Boost the Educational Value of Everyday Tasks
The world is a stimulating place for a toddler -- everything's new and exciting! "Kids this age are absorbing new information all day long," says Elaine Ellis, M.D., medical director of the Phoenix Children's Hospital's Neuro-Developmental Evaluation Program. Even the most mundane experiences help build important skills. Think about it: An activity as simple as helping you fold the laundry can teach your child preliminary lessons in counting and sorting, while also strengthening his motor development.
With just a little effort, you can boost the educational value of everyday tasks. "Toddlers learn best when they use all their senses," says Dr. Ellis. "The more they see, feel, hear, and manipulate things, the better the lessons sink in." Our smart strategies will turn your daily routine into fun learning games.
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Shapes and Sizes: Children as young as 2 can understand the concept of big and small. When cooking, ask your child to help you choose the right container for what you'll be serving. Say, "Do you think the strawberries will fit in the little bowl, or do we need the bigger one?"
Sounds: While kids may not be able to tell you which note is an A versus a high C, they do understand that different tones sound, well, different. This is a building block of musicality. "Clink an empty glass with a spoon, and then tap on a full one," says Lewis P. Lipsitt, Ph.D., a child-development expert at Brown University, in Providence. "Talk about how the teakettle makes a whistling noise when the water's boiling." Pointing out such things also demonstrates cause and effect -- kids learn that they can intentionally make things happen.
Counting: Set the table by the numbers. Ask your child how many napkins and forks you'll need so everyone gets one. Take it a step further by asking, "If Dad doesn't eat breakfast with us tomorrow, how many spoons will we need?"
Colors: "Tell Mommy when the light turns green" is a great game that teaches kids to anticipate change. Another idea: Challenge your child to look for and count out red cars. When she's spotted five, tell her to shout "Bingo!" Repeat with blue, black, or green vehicles.
Letters: As you pass billboards, signs, sides of trucks and storefronts, ask her to shout out letters she sees in the order of the alphabet. That may take the entire two-hour trip to Grandma's!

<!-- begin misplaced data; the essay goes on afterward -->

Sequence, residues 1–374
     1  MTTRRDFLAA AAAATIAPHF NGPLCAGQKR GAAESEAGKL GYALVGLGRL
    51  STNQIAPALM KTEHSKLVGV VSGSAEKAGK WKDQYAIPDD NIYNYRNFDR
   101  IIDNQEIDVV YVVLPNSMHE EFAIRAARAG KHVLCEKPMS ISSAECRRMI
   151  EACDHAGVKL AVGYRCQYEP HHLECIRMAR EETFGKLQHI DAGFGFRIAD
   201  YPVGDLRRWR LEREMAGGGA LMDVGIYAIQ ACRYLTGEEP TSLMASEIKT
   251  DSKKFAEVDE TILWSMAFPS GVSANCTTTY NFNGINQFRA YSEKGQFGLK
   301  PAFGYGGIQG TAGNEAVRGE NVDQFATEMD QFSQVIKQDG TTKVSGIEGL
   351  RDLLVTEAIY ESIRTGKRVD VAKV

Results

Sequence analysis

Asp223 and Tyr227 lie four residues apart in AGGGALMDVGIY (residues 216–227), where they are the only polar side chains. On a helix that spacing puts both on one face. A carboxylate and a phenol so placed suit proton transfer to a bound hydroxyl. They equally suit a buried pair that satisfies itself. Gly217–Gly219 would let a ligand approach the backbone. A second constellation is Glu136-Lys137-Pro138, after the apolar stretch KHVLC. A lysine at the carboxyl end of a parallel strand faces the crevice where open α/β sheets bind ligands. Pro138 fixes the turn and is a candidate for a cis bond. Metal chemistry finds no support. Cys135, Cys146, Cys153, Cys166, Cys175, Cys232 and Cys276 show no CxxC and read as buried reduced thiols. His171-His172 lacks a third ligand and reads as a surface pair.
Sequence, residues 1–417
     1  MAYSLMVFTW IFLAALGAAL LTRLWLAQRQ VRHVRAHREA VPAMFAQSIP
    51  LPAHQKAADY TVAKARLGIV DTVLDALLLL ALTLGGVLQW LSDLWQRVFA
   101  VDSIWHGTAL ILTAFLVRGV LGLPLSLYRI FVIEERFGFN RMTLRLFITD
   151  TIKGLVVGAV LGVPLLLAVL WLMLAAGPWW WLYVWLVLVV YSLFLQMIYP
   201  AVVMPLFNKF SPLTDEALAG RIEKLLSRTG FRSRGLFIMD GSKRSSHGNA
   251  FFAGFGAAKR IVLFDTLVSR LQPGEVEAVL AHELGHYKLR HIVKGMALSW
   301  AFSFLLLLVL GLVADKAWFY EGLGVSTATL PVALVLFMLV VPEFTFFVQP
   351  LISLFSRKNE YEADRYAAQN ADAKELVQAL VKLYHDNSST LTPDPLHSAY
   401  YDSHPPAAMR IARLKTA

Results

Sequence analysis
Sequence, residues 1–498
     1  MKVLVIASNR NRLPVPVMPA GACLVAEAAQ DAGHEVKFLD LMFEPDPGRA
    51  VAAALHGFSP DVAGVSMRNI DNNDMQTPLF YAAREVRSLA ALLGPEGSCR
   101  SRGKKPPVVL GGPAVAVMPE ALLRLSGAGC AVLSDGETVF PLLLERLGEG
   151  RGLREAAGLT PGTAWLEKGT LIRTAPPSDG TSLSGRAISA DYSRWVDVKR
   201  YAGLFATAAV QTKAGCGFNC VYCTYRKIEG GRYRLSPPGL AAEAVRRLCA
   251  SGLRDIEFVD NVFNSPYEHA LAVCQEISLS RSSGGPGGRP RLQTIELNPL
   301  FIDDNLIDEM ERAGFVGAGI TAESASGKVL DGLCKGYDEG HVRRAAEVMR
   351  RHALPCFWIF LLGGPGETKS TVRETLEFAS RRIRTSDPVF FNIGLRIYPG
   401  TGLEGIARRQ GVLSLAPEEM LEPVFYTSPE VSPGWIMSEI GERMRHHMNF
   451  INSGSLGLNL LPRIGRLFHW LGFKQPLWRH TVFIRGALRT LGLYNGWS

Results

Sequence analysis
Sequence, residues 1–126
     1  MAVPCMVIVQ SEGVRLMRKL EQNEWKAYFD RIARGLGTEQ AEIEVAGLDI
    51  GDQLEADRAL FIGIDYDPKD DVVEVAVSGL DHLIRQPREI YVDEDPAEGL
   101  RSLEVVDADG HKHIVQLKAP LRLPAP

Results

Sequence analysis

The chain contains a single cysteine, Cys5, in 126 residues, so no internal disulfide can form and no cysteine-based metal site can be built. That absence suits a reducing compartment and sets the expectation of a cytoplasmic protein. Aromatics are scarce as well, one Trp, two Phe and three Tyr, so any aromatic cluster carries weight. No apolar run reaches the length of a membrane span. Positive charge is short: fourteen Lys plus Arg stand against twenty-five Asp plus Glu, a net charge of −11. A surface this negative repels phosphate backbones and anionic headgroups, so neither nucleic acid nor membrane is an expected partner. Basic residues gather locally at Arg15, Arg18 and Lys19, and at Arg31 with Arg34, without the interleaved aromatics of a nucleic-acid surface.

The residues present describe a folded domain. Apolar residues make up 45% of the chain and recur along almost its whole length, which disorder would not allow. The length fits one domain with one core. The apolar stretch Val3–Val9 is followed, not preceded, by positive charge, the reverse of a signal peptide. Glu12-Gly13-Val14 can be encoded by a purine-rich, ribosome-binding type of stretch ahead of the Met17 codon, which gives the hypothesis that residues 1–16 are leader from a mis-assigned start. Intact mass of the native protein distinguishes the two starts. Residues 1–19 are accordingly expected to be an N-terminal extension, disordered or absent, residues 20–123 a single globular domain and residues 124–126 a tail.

Shapes: Kids love pointing out all the shapes they spot from their car seat: Your steering wheel is a circle and a sign is a square. Show your child a stop sign and explain that it's an octagon, while a school bus might look like a rectangle.
Vocabulary: When choosing food at the grocery store, point out, for example, how the skin on an apple is smooth, while an orange feels bumpy. Identifying items in your cart by their proper name as well as describing them with one or two adjectives will help boost language development.
The Same and Different: Pick up two boxes of crackers. Talk about what they have in common ("Both contain snacks that are shaped like small squares") and what they don't ("This box is red, that one is yellow").
Money: Two- and 3-year-olds may be too young to grasp what a quarter is worth, but they are old enough to learn that it costs money to buy things. This can build into a discussion about needs and wants. You might say, "Is ice cream something we need to live, or is it a treat we'd like to eat after dinner?"
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Social Cues: This is a great activity to play while standing in line: Suggest that your kid look at people's faces and tell you how he thinks they're feeling: Are they happy? Sad? Bored? Practice manners too. When you reach the checkout person, make sure you and your child say hello and goodbye.
Numbers and Sorting: Count the people standing in line. Then ask questions to sort them into categories. "How many people have black hair? How many are wearing glasses?"
Shapes: While killing time sitting in the pediatrician's office, play a version of "I Spy." Without telling your child what it is, choose and then describe an object in the room. Ask him to guess what you're looking at. Tell him, "I see a white triangle. What could it be?" Give clues such as, "It's near the door."
Shapes and Colors: A seed can be round or oval. Dirt is brown, while the grass is green. Your child can scatter seeds in a straight line or a circle.
Size: Little ones love to sort. Place a large and a small leaf on the ground, and ask your child to gather leaves and put them on the right-size pile. Challenge her to find five leaves and put them in order from smallest to biggest.
Change: Planting a garden and watching it grow is a perfect way to talk about how people grow too. "Explain to your child how a seed becomes a seedling, which eventually becomes a tree. Then talk about how we are always growing and changing too," says Lewis P. Lipsitt, Ph.D., a child-development expert at Brown University, in Providence.
Originally published in the December 2009 issue of Parents magazine.